- You’ve heard about smart phones, but what about smart homes?
- Understanding Home and Contents Insurance
- Your Guide to Renters Insurance
- A home owner’s guide to Home and Contents Insurance
- Home and Content FAQ
- Contents insurance explained
- Landlord insurance explained
- Claiming home and contents insurance
- Fire Insurance
- The Average Value Of Home Contents
You’ve heard about smart phones, but what about smart homes?
Gone are the days when a kettle was just a kettle. Now it could also be an internet or Bluetooth-enabled smart device communicating with the various other smart devices in your home. This is the reality of the connected home – also known as the smart home.
Think of the connected home as a network of smart devices – from mobiles, PCs and tablets to home appliances, lights and temperature controls – all working harmoniously through your home wireless network.
Considering the average Australian home already has 13.7 different internet-connected devices, and by 2021 it’s expected there will be an average of 30 connected devices per person on the planet. These devices can include things like smart TVs, laptops, iPads, tablets, phones, Google Home and more! It’s safe to say the trend will only grow.
In fact, Australia’s boom in connected home technology is expected to reach $4.7 billion in the next four years.
With technology playing an increasingly larger role in our lives, what can we expect to gain from the smart households of the future? And no, it won’t be a killer robot uprising like in The Terminator. Or will it? Just kidding.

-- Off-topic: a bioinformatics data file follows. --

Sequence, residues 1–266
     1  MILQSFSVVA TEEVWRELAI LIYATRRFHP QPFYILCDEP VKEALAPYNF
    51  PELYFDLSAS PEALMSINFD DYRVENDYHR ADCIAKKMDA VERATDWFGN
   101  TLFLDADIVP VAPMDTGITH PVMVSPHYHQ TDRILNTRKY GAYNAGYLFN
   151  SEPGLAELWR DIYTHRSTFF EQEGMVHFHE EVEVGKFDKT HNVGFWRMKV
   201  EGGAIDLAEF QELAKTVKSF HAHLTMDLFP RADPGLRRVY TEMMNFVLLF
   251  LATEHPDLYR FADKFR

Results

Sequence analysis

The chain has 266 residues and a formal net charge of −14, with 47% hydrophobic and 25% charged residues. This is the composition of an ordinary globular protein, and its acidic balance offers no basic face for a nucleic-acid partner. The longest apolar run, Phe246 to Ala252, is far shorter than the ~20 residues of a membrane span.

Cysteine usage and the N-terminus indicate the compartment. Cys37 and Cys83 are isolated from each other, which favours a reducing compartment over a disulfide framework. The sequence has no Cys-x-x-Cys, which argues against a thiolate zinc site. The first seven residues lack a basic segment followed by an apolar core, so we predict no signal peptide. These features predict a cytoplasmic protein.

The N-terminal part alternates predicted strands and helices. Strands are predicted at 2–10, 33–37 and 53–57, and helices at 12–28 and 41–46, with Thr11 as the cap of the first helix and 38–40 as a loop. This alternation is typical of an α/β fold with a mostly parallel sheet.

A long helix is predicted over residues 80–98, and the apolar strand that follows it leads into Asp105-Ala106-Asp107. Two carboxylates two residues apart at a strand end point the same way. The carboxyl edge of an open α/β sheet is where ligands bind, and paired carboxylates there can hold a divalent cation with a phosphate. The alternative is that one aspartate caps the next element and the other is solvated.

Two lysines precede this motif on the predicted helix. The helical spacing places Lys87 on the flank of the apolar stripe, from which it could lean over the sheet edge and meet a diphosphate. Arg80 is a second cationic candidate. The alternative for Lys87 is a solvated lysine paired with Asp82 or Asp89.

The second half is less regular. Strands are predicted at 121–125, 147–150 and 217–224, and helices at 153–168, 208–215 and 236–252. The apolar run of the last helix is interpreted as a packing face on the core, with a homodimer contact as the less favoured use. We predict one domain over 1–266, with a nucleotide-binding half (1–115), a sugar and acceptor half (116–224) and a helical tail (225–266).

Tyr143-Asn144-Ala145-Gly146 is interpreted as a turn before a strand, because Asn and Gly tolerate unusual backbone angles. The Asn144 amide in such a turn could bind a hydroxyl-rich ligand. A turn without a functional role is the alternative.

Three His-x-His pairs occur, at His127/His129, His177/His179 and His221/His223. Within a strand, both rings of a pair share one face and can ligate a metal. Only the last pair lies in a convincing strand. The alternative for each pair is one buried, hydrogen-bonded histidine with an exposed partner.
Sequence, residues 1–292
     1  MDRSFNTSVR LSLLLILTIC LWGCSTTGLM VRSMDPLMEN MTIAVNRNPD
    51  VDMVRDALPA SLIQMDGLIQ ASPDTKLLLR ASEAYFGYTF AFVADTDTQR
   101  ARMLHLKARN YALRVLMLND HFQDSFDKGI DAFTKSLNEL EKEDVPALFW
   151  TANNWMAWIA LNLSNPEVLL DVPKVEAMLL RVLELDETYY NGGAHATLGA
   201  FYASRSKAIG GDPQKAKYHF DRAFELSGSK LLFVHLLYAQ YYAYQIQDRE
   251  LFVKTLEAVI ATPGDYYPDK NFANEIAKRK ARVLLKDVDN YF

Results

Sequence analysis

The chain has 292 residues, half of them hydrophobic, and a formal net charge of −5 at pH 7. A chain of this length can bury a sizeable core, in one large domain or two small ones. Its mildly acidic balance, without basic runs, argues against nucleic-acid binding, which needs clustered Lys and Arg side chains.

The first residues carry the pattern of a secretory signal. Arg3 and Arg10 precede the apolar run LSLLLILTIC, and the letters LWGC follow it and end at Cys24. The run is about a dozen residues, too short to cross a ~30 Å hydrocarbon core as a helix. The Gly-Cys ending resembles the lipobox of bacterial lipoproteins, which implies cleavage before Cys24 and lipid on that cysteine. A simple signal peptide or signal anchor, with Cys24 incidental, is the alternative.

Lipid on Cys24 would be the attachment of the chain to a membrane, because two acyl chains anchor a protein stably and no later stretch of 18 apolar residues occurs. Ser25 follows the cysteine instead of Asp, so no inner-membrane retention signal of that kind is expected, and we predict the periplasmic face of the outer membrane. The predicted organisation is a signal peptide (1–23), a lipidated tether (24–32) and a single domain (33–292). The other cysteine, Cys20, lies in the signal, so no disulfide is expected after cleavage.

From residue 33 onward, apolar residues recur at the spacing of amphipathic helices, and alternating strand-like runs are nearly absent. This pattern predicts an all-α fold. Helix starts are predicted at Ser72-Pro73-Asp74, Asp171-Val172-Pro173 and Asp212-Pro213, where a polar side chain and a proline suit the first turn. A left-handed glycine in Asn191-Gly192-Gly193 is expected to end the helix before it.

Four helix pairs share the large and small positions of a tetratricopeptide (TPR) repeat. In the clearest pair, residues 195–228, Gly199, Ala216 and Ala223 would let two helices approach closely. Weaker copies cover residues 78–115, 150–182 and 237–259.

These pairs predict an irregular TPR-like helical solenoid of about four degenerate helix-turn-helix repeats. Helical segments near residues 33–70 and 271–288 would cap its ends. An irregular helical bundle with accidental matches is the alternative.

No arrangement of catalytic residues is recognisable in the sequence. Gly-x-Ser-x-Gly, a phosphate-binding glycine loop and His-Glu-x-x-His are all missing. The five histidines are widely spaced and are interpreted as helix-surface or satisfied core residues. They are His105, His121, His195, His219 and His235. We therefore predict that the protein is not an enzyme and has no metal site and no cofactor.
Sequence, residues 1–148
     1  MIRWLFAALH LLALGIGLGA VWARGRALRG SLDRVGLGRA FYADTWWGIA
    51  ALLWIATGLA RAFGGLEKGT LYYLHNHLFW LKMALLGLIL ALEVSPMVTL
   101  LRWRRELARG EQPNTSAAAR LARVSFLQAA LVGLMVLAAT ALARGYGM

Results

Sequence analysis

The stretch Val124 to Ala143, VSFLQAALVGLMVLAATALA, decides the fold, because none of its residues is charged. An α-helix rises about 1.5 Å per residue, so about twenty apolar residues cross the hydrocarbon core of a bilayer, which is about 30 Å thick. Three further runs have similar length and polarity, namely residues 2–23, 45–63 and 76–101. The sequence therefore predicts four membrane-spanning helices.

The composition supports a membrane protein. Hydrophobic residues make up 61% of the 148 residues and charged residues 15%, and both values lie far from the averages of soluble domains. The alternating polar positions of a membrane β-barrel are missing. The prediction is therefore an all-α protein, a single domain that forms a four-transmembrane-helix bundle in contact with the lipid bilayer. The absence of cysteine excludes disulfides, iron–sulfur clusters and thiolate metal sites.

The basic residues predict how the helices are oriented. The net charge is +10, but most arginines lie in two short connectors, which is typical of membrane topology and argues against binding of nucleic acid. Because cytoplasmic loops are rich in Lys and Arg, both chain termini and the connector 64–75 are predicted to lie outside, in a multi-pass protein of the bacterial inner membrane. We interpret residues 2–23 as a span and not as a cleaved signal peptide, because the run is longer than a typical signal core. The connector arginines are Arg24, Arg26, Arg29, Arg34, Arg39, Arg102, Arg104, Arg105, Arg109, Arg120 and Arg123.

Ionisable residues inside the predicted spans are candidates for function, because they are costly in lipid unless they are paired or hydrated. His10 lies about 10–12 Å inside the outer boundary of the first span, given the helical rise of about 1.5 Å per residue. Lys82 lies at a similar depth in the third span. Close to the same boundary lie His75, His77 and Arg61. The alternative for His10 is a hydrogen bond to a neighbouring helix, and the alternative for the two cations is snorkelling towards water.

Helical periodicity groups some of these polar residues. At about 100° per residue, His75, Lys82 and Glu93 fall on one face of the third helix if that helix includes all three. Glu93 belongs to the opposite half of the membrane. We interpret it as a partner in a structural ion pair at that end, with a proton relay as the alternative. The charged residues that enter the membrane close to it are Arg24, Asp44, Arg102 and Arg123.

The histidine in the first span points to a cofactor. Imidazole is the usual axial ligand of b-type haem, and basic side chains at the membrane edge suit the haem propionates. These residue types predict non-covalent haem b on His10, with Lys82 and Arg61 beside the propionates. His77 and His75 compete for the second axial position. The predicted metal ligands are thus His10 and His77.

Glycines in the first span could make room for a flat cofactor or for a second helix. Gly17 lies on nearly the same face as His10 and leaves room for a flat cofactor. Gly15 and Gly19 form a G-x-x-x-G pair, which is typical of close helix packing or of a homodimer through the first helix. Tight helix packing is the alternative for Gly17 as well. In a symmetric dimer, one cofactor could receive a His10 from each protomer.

Like Siri, but for your home
We’re already used to virtual assistants such as Apple’s Siri listening in to our conversations and giving us cheek, but now the technology is being used to control connected home technology. These ‘smart home hubs’ – such as Google Home and Amazon Echo – are essentially voice-activated speakers that answer your questions, access your personal data and allow you to remotely control your connected home devices.
While the technology’s current uses mostly involve playing music remotely and answering inane questions – like “What is the meaning of life?” – the true potential of the smart home hub will soon be realised as we see more connected home technology entering our households.
Imagine being able to verbally activate the coffee machine, heated bathroom floor tiles and sound system in the mornings all from the comfort of your bed. Ultimate convenience.
Google Assistant, take care of my taxes – now!
Make your home work – so you don’t have to
Aside from convenience, connected home technology also frees up time to concentrate on life’s other obligations. For example, instead of walking through the house at night to turn off all the lights, or rushing home to make sure you didn’t leave the oven on, you can control all of these features remotely from your smart mobile device.
Many connected home devices also learn from your habits and preferences. This semi-autonomous feature means your home can learn to take care of itself to a certain degree. Like the GreenIQ watering and sprinkler system that checks the weather for rain will intelligently respond. It can also check the moisture in the ground and won’t water unless your lawn and plants need it. Fantastic for water conservation.
Watch your home, away from home
Thanks to Wi-Fi-enabled connected home technology, such as Nest’s indoor and outdoor security cameras, you can always keep an eye on your castle and those within it. With phone alerts to notify you of trespassers caught on your property while you’re away, built-in mics and speakers to scare off suspicious visitors, as well as 24/7 livestreaming, you can always have peace of mind that your property is secure.
This level of convenience, efficiency and safety are just some of the many advantages of the connected home. As the technology improves, we can expect to see more smart home technology emerging to help streamline our lives.
Telsyte Emerging Technologies: https://www.telsyte.com.au/announcements/2017/9/5/iothome-market-set-to-soar-with-more-than-300-million-connected-devices-in-australian-homes-by-2021